All of us have moments when life is wonderful and inviting, magnetic with promise. But, of course, there is also the other foot, life of trouble and pain. How do we move from one to the other? What drives us onward, even in the worst of times, to get up and keep going or perhaps if life is really bad, to even just live. This New Year’s I want you to promise to keep living and striving onward.
Life itself keeps us going. When we were born we had little choice in the matter. We were pushed into existence. Life lives us. Something drives us. Call it spirit, will, or fate, we are moving forward because we must move forward, as if some unseen hand - perhaps God? – wants us to go on. Sometimes it is even an obsession. I am reminded of the farm family who had to climb on top of their home to escape the coming flood. “Where’s grandpa?” asked one of the children. There was a straw hat floating around the water in front of the house. Grandma replied “Grandpa said he was going to cut the grass today, come hell or high water!”
Baring high water, hell is a very real problem for most of us who want to get on with our lives but we don’t know how. Not the hell of the afterlife but the hell of the present. Just recently someone outside of our congregation told me that her mother had died, her husband left her and she had been diagnosed with cancer! What do we say to that? Gee, I’m sorry? Some days it really does rain frogs; borrowing a wonderful metaphor from the plagues of Egypt in the Hebrew Bible. And then what? What do you do? Come on, you all know the answer. You get up and start again. Driven still by the promise that today is a new beginning.
Twenty five years ago when my religious life began in earnest, I thought I would change the world. As I finished my graduate training I thought “well, at least I can change the congregation I serve.” After putting a few churches behind me, I thought, “O.K. at least I can change a few lives.” Now I say, perhaps with a bit too much cynicism “At least I will change myself.”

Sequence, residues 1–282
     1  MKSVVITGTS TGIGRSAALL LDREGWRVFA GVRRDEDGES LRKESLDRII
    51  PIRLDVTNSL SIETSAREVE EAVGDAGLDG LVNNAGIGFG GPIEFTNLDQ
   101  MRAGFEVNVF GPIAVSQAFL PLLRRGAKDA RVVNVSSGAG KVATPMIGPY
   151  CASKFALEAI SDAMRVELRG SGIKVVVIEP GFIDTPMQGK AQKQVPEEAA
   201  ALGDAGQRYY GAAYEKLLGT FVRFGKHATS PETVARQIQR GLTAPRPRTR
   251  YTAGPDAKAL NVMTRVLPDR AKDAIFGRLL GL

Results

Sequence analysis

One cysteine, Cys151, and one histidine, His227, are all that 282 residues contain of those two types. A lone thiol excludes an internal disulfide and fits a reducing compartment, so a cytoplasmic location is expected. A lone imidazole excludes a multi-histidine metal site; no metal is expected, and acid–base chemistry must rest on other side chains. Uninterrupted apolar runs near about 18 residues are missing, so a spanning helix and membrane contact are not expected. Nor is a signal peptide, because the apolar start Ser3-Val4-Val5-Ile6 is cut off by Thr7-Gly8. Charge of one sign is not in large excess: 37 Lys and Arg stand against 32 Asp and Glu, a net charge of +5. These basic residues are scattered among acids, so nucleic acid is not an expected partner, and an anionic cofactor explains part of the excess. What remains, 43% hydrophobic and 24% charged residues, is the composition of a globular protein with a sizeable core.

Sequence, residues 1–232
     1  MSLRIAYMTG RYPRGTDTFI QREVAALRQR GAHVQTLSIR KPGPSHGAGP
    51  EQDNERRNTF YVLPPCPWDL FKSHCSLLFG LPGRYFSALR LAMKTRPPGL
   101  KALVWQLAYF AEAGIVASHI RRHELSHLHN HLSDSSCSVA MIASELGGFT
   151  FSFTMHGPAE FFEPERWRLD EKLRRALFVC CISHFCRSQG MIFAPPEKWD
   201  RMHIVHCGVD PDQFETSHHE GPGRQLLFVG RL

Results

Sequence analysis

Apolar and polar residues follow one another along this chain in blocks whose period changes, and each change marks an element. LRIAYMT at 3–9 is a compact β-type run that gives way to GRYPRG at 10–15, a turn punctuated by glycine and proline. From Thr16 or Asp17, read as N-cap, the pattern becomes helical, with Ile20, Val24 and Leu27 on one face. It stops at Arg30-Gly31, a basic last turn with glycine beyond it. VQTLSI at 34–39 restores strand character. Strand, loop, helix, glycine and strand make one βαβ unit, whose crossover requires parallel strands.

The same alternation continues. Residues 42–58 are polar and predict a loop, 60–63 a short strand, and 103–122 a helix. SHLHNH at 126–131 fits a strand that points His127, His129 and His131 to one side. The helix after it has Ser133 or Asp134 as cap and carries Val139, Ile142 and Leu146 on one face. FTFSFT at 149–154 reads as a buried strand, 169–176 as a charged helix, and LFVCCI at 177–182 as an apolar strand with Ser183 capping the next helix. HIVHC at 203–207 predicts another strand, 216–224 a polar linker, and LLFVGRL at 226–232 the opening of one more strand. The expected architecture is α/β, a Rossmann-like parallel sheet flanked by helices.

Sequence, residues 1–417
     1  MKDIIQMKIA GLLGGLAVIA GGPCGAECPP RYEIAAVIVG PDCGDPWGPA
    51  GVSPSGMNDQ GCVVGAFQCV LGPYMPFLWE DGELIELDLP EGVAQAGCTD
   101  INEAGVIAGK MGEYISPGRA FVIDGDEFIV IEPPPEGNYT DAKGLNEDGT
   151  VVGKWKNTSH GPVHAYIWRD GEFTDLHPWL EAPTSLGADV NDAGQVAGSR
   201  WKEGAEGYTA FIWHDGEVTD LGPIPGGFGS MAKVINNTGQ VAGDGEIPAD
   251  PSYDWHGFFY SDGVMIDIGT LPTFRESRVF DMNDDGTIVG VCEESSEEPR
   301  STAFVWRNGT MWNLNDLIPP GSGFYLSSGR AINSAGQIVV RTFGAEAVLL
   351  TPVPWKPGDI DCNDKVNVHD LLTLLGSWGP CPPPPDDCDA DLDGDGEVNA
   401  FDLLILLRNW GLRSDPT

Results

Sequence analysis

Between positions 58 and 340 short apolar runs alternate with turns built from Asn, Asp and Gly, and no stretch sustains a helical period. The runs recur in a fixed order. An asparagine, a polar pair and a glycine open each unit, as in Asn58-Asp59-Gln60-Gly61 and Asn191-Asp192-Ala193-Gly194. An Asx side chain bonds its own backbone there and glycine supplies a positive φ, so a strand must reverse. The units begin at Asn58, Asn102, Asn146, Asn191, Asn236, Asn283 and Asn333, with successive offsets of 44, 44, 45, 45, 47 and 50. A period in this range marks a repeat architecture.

I met Tan, my Buddhist teacher almost 25 years ago during a retreat. My life was more of a mess than it is now. I learned to “sit” from Tan. Not sitting in the sense of putting my posterior down on a chair. But cross-legged, on a cushion, quieting the mind, save for my breath. It wasn’t easy. The Buddhists say that the mind is like a drunken monkey on a hot tin roof. Always filling up with new ideas. After the second day, my legs were cramped, my behind sore and I was really wondering what in the world I was doing there. And I was getting really tired of Tan barking at me to sit up straight. Finally, I snapped. “Stop yelling at me.” Tan dismissed the group and then sat down across from me not saying a word. My temper had once again made me a fool. I was regretting the moment immensely. Finally, in a whisper he said “Your life is a mess. All life is a mess. Sitting for half an hour a day may be the best it gets; like a new beginning in the midst of a continual journey. You think I don’t know how to sit? When I was in Vietnam, the Vietcong came to our village. They raped the women, and shot the old men. My mother and father disappeared. Only my grandmother survived holding me in her lap inside of a large basket. We survived because she had taught me to be very still – to sit. We sat for our lives. My grandmother brought me to a monastery and they took me. I was scared and angry. It took me 30 years to learn to let go of the images of that day in the village. Each day I reminded myself, today is a new beginning. Sit and be with this day. Keep that promise.” He stopped, he closed his eyes. I closed mine. And a new beginning was before me.
My 2012 be the year of keeping the promises which truly matter.
With Grace and Grit, John